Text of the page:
Excerpts of the President's News Conference
It isn't possible to say whether, now that the English and French naval suggestions have been published, it would be probable that any further naval limitation agreements can be reached before 1931. I think it is fair to say that so far as we have been advised concerning the agreement made between France and England it didn't seem to advance the probability of further agreements about naval armaments. The only advance it could be said to have made was a certain change of attitude on the part of the French and English relative to limita-tion, but it was a change of attitude with which we were unable to agree. I do not understand that either Italy or Japan agreed to it. But they did not set out their position with the fullness of detail that we did. I think their attitude in relation to it, so far as it has been disclosed, is very similar to our attitude. Not exactly like it, but along the same lines. That means two countries have indicated that they might agree to something, if others would agree, but it is apparent that other countries do not agree to it, and so there hasn't been much of any progress made. The encouraging part of it is that France, which didn't attend the naval conference I called in 1927, and the English have indicated that they were willing to change their attitude and they might be willing to change it further.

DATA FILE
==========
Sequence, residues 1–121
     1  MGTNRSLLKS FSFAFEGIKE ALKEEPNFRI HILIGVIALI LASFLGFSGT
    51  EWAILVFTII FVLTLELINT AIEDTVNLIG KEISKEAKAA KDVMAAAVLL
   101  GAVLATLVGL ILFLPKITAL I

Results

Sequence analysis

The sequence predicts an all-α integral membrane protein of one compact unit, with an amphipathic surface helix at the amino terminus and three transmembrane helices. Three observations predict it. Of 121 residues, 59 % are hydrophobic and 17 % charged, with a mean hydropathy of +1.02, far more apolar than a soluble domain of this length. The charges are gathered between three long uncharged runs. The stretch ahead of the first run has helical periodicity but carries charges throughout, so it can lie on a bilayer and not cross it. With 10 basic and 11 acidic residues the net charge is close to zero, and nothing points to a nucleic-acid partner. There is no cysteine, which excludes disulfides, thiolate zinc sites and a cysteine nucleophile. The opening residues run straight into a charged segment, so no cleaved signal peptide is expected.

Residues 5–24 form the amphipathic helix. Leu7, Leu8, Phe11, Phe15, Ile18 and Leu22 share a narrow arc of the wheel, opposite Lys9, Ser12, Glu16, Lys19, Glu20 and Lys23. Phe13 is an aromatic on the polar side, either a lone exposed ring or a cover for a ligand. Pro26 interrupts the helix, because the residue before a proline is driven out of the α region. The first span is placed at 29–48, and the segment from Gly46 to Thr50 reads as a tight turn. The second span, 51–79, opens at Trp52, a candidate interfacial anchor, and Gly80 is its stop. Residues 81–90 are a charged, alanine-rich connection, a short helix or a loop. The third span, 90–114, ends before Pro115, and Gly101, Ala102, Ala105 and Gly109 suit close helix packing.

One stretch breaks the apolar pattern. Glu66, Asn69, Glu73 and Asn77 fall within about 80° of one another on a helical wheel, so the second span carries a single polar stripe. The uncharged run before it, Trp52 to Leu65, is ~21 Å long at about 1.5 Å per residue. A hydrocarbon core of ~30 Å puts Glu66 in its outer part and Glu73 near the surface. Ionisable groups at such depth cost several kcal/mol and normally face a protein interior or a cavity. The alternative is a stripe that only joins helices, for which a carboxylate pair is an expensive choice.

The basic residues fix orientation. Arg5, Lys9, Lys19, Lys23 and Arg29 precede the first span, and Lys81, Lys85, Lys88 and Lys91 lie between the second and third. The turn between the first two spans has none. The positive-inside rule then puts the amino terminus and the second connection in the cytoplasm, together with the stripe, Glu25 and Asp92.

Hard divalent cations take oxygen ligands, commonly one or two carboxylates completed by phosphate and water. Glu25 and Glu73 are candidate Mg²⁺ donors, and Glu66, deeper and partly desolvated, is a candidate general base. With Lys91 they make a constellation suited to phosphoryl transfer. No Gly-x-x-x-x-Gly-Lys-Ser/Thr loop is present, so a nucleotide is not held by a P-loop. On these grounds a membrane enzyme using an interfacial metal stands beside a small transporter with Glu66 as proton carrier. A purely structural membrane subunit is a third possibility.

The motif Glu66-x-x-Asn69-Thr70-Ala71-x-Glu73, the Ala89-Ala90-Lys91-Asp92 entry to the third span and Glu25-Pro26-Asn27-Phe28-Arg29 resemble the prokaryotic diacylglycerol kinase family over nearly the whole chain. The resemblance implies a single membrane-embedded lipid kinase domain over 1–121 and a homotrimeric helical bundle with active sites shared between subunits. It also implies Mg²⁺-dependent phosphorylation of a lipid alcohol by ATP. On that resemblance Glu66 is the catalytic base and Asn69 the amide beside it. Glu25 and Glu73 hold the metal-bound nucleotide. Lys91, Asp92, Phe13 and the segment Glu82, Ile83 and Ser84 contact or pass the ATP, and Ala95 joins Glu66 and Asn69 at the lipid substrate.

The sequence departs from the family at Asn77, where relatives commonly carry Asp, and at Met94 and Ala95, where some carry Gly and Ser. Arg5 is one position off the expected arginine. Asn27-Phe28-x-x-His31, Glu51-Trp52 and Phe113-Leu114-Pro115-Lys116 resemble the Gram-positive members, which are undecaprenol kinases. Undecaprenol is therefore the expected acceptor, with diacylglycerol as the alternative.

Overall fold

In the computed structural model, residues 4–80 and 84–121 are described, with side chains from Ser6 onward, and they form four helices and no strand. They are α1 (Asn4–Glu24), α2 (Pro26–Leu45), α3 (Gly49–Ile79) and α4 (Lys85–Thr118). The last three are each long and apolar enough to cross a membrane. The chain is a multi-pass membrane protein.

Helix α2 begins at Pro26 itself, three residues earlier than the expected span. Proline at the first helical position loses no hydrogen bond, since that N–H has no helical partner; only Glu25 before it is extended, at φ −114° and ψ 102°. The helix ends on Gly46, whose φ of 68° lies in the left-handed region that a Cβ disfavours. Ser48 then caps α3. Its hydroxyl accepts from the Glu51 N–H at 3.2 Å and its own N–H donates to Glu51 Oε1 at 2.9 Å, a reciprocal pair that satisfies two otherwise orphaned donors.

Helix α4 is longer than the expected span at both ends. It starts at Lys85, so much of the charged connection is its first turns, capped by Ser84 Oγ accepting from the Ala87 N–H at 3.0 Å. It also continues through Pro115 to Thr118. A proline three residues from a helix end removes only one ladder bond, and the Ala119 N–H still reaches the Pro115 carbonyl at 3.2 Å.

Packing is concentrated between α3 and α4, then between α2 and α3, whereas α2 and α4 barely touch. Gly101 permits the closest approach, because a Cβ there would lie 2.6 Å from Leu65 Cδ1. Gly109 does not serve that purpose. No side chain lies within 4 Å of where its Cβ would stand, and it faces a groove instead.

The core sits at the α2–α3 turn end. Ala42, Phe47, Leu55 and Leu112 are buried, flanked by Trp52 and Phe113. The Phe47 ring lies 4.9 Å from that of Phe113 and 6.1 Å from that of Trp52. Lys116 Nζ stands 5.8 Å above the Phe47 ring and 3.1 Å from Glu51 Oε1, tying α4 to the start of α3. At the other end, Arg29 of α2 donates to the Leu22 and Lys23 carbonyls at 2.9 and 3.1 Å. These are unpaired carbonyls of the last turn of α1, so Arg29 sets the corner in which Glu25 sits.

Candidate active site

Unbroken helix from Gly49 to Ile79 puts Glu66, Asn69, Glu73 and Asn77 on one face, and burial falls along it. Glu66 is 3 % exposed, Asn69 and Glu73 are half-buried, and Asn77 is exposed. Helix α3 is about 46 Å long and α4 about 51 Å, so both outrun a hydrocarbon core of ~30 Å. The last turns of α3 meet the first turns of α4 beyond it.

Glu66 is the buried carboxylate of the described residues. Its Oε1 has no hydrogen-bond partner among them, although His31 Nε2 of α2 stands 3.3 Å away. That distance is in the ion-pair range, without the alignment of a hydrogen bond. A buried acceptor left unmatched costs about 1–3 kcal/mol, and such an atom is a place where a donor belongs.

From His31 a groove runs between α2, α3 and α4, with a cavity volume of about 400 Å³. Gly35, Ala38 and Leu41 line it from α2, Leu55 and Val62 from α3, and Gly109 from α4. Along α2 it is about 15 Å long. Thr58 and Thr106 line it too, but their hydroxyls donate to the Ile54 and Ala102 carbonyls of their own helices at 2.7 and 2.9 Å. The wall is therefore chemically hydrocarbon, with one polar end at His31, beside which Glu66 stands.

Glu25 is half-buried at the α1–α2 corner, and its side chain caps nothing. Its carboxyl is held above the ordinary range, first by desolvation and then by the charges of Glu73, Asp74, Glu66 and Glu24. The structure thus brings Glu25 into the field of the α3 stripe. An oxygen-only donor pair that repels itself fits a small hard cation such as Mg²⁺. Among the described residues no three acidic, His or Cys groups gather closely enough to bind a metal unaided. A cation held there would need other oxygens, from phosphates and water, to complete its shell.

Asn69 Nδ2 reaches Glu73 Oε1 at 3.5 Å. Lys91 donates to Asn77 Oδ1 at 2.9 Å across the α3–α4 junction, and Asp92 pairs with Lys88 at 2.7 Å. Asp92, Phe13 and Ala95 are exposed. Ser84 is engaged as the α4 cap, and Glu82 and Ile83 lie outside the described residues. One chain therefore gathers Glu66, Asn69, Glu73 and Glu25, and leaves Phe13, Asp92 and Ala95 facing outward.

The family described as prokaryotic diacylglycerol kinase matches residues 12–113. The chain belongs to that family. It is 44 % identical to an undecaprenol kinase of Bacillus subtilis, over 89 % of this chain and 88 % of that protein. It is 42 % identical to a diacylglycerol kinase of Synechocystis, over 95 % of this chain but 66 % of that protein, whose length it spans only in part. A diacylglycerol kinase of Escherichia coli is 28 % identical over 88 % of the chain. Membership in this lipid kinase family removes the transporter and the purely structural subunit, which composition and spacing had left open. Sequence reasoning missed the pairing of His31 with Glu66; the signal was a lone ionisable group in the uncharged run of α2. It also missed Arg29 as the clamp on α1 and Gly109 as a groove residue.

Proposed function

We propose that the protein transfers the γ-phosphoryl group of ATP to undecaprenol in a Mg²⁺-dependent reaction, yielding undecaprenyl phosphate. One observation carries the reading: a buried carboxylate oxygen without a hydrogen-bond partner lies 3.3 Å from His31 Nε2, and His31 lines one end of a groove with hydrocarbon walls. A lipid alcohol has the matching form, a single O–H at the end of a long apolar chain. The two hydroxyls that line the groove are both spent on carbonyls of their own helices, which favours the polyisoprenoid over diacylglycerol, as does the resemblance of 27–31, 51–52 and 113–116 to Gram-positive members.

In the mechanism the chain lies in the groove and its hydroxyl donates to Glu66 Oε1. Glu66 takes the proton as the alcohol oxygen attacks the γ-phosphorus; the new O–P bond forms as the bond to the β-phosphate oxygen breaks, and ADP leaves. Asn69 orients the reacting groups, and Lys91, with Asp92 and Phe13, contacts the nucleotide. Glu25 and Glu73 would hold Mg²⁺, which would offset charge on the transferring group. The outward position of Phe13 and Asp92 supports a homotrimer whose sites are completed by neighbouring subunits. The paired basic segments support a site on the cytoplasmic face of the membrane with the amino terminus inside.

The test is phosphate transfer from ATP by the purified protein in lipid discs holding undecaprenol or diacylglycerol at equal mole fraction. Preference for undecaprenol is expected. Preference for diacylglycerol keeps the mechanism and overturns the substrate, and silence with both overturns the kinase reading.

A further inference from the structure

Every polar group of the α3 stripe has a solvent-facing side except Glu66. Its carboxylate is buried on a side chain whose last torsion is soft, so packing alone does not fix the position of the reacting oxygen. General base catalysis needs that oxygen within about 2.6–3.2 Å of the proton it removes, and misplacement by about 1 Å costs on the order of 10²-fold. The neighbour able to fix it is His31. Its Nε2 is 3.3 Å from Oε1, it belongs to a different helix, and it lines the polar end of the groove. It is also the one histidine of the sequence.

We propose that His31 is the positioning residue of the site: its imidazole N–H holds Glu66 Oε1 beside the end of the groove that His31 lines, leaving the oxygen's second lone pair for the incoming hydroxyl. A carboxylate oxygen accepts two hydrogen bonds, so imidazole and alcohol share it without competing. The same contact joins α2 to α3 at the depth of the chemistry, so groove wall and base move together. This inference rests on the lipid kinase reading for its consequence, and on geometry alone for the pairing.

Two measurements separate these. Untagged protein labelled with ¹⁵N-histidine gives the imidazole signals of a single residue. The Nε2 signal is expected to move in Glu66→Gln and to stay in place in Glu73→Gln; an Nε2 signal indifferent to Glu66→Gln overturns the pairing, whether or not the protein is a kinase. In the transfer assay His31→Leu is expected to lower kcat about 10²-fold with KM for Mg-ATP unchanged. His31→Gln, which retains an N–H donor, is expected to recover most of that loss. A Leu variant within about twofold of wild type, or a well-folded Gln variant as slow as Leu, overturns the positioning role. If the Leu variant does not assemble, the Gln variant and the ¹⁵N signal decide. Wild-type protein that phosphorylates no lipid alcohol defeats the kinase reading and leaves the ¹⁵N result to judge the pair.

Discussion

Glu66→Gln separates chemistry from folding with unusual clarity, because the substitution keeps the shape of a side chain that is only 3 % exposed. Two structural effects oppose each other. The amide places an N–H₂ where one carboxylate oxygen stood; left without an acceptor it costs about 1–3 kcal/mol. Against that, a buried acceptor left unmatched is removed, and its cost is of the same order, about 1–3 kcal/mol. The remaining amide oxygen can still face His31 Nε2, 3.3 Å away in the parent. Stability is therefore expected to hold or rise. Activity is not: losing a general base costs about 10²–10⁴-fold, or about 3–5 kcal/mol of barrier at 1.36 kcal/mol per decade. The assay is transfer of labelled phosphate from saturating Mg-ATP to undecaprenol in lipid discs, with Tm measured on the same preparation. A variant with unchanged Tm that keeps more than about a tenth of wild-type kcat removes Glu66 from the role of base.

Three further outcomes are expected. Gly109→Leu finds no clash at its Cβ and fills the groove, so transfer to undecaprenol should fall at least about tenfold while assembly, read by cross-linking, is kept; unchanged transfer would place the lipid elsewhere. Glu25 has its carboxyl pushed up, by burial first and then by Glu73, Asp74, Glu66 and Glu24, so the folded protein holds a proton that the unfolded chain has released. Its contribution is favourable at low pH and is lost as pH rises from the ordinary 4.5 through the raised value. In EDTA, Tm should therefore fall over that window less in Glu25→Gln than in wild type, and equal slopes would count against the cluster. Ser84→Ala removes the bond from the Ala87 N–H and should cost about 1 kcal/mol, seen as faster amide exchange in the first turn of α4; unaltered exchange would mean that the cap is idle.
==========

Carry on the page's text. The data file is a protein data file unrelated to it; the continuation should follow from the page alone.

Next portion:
Source: "The Talkative President: The Off-the-Record Press Conferences of Calvin Coolidge". eds. Howard H. Quint & Robert H. Ferrell. The University Massachusetts Press. 1964.
Calvin Coolidge, Excerpts of the President's News Conference Online by Gerhard Peters and John T. Woolley, The American Presidency Project https://www.presidency.ucsb.edu/node/349274